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How do we know when to use the passé simple in a text like this? Felt like it was quite random so wanted to understand the rule?

James W.C1Kwiziq Q&A regular contributor

How do we know when to use the passé simple in a text like this? Felt like it was quite random so wanted to understand the rule?

Asked 3 years ago
CécileKwiziq team memberCorrect answer

Hi James,

The passé simple is the narrative equivalent of the passé composé so the rules will be the same, short and finished actions in the past.

She married Elle épousa/ Elle se maria 

She was crowned =  Elle fut couronnée

She went back = Elle retourna 

etc. 

In French, it gives an idea of depth in time which you don't have in English and is very hard to explain. 

Hope this helps! 

Chris W.C1 Kwiziq Q&A super contributor

To understand better, you need to understand the grammatical concept of "aspect" of a verb form. There are those three principal tenses: past, present and future. The tense tells you when an event happens.

The aspect tells you how the action happened in regard to the passage of time at that point. It expresses the relationship between the action of a verb and the passage of time. Aspects describe, regardless of when the action happens, whether it is:

Ongoing: an ongoing, or habitual action.
Simple: a one-time action, or an action not marked as to whether the results of the action are continuing.

Complete: This is a past action that has permanent or lasting results.

In French, the correspondence is this:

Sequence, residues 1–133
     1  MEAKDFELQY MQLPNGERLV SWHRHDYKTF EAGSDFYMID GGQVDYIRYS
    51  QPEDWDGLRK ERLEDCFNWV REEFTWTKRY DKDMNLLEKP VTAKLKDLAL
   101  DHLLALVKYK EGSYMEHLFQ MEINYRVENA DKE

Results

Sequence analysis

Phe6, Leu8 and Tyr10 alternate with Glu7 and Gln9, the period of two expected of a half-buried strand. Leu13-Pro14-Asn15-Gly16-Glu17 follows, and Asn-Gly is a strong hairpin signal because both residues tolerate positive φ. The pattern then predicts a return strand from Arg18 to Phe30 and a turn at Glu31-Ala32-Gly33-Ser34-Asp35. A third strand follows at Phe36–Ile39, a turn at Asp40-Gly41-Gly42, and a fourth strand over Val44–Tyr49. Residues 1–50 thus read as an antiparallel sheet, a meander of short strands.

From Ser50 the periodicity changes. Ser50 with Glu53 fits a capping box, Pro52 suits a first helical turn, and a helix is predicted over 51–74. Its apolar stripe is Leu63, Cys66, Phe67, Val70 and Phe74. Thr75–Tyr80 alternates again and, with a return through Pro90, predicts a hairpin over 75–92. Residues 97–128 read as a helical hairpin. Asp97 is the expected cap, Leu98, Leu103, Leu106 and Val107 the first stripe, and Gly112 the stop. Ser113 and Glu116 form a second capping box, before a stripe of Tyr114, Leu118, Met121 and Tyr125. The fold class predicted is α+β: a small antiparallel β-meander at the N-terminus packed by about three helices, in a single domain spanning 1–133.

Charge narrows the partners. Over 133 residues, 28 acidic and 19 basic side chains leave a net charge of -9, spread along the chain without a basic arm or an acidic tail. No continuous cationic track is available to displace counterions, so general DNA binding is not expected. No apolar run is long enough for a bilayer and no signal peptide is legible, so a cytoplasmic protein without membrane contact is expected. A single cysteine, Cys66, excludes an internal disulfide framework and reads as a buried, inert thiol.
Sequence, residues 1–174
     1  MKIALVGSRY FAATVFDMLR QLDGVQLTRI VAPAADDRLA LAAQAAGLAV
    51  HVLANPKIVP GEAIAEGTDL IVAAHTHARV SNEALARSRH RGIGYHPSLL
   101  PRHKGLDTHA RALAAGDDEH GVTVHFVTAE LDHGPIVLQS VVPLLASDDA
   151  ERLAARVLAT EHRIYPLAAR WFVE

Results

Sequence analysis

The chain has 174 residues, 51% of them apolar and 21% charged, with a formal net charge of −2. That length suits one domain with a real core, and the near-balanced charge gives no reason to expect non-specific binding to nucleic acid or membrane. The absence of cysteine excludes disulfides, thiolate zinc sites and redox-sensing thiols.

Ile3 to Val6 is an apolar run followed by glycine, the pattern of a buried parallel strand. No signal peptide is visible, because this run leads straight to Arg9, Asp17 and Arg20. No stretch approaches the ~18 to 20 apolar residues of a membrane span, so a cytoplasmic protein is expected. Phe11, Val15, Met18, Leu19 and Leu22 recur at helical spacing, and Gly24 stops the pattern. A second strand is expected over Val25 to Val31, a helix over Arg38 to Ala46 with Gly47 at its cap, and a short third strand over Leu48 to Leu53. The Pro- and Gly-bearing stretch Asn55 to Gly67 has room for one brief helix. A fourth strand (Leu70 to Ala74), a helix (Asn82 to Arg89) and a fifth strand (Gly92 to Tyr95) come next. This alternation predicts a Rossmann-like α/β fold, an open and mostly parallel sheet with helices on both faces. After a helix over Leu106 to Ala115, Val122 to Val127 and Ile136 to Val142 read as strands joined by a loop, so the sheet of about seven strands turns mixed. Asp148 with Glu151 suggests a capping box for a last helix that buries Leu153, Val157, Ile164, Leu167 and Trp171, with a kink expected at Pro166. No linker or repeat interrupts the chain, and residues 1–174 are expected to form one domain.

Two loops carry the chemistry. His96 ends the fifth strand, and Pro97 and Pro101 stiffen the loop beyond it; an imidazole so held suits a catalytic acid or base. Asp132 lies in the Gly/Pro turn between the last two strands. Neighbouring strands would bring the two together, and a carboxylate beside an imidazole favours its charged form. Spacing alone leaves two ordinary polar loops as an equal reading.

Ongoing past action: imparfait
Simple past action: passé simple
Completed past action: passé composé

Using the passé simple gives you a notion that something happened in a kind of time-capsule in the past with no connection to the present. These are events that might form part of a story (think fairy-tale). The passé composé tells you of things that happened in the past but have some relationship to the present. This distinction lends a kind of depth to narrations that would otherwise be absent.

In modern French, the passé simple has ceded its place to the passé composé with a consequent loss of distinction in aspect. It is now only used in a high linguistic register, i.e., in literature. But, again, this distinction is unfortunately quickly becoming a thing of the past.

The three dimensions of a verb -- tense, mood (imperative, subjunctive, conditional, and imperative), and aspect -- give the speaker a lot of freedom to express exactly what and how something happens.

Chris W.C1 Kwiziq Q&A super contributor

English, by the way, has great tools to express different verb aspects:

I went to school and stubbed my toe.
I went to school stubbing my toe. (Doesn't make much sense, I know)
I was going to school and stubbed my toe.
I have been going to school stubbing my toe.

All of these happen in the past but carry quite different meanings. Think in terms of how the going to school action relates to the toe stubbing action. Think about whether one happened while the other occurred. And think about what it all says about whether the event happened once or repeatedly.

How do we know when to use the passé simple in a text like this? Felt like it was quite random so wanted to understand the rule?

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